The chapter starts out by reiterating that the essence of a man is strength and the essence of a woman is beauty. Then it clarifies that they mean primarily strength of heart and beauty as in primarily from the soul. However, at this point I started getting a little annoyed. They're kind of talking out of both sides of their mouth.
Earlier they were all upset that the church overspiritualizes beauty and makes it all about character. And now they're basically saying that the beauty they're talking about is mostly from the soul (character) and that it kind of oozes out as an outward beauty after a while or something. I'm really not sure how that's different than overspiritualizing it, but I might be crazy. :)
Anyway, they say that beauty is an essence that dwells in every woman (that's good news!).
Then they talk about the difference between beauty that comes from a heart at rest and from a heart that's constantly striving to be beautiful. I get that. When a person is happy with who they are and is at peace, there is something beautiful and inviting about that vs. someone who is beautiful but is scared to death that it's not going to last. We feel more at ease around women who are at peace.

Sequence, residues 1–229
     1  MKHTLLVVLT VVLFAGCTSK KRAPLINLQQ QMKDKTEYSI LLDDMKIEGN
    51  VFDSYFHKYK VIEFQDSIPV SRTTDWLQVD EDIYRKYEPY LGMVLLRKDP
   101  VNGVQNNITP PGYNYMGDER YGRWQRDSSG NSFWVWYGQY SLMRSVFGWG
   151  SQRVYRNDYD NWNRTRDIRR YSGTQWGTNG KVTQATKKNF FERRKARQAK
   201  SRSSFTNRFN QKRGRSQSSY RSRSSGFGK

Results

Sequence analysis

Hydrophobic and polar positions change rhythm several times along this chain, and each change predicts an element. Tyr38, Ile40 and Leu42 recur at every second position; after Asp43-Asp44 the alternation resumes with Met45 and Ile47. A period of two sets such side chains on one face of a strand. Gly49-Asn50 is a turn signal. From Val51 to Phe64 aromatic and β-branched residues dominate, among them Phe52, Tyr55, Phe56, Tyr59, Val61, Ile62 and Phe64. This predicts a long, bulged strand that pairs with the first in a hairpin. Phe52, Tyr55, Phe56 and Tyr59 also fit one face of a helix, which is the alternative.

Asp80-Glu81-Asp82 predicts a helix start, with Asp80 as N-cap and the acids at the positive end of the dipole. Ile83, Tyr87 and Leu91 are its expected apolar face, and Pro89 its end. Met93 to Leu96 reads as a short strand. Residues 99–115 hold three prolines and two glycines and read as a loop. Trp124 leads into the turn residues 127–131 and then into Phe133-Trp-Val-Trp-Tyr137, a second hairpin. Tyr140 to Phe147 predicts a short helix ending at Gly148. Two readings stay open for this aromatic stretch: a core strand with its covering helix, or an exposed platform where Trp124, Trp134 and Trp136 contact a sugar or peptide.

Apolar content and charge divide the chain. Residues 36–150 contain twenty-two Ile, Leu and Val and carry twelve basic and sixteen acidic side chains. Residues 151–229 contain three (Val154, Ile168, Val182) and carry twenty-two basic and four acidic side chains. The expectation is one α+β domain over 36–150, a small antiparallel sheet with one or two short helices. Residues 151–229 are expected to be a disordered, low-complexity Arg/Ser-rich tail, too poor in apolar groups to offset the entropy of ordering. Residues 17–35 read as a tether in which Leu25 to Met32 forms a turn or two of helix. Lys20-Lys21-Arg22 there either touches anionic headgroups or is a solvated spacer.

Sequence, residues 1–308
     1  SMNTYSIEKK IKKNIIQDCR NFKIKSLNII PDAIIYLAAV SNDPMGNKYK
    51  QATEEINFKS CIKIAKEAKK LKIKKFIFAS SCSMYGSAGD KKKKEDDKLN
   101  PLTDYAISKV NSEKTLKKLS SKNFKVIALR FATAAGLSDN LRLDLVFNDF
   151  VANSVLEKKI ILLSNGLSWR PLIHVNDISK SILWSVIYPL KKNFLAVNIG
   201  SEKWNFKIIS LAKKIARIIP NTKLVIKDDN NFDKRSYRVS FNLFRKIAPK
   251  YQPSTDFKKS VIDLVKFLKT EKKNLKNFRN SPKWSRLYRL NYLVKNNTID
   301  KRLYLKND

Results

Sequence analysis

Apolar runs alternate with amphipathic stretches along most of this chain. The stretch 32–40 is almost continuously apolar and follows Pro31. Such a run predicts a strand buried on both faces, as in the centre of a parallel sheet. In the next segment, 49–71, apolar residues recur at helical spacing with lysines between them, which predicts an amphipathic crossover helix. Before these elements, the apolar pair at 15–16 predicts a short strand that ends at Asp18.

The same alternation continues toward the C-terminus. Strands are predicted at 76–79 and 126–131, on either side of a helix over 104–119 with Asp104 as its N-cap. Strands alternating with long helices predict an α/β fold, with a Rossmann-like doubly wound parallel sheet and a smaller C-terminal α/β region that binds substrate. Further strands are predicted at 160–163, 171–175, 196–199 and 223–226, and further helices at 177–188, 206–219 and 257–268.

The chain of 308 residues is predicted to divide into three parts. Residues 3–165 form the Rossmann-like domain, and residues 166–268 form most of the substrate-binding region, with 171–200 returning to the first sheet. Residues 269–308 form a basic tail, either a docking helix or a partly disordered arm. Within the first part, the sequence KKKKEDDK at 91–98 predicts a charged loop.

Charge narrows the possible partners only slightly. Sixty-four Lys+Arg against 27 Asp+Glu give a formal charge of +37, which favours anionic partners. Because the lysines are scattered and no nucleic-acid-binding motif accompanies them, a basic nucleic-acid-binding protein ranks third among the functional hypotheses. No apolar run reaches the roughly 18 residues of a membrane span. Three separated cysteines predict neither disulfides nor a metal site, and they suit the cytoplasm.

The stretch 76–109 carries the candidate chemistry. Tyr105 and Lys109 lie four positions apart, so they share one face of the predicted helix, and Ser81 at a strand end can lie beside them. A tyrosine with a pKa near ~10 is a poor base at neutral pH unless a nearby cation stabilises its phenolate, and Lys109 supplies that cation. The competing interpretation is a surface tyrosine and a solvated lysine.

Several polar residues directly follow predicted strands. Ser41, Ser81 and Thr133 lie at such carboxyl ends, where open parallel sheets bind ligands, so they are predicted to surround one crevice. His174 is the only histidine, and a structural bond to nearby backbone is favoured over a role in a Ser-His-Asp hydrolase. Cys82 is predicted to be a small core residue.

OK, I guess there were a couple of things about this chapter that bugged me. Here's another one. On page 139 they talk about a lady who was in an abusive marriage. Out of her "beauty" she would ask her husband if he didn't want more from their marriage all of the time and she remained soft and feminine. I'm having a hard time seeing that as beauty. At what point do you draw the line? Should she draw the line when it moves from verbal abuse to physical abuse? What if he were abusing her children? Staying in a relationship that's abusive and ending up getting killed or getting your kids taken away by CPS just isn't beautiful to me. But that's just me. I understand the concept that God can change people's hearts and all that, but we all also have free will, so if the lady's husband doesn't want God to change his heart, it might very well not happen. People die every day from domestic abuse. I just think it's a little dangerous to paint it as a rosy picture.
They say that the kind of beauty they're talking about does not go away after time (like worldy beauty) but just gets better and better after many years living "beautifully".
I'm sorry, I know I've been kind of negative about this chapter. I do like the book, but this chapter just bugged me. Maybe someone will be able to explain it to me so that I'm not as bothered by it.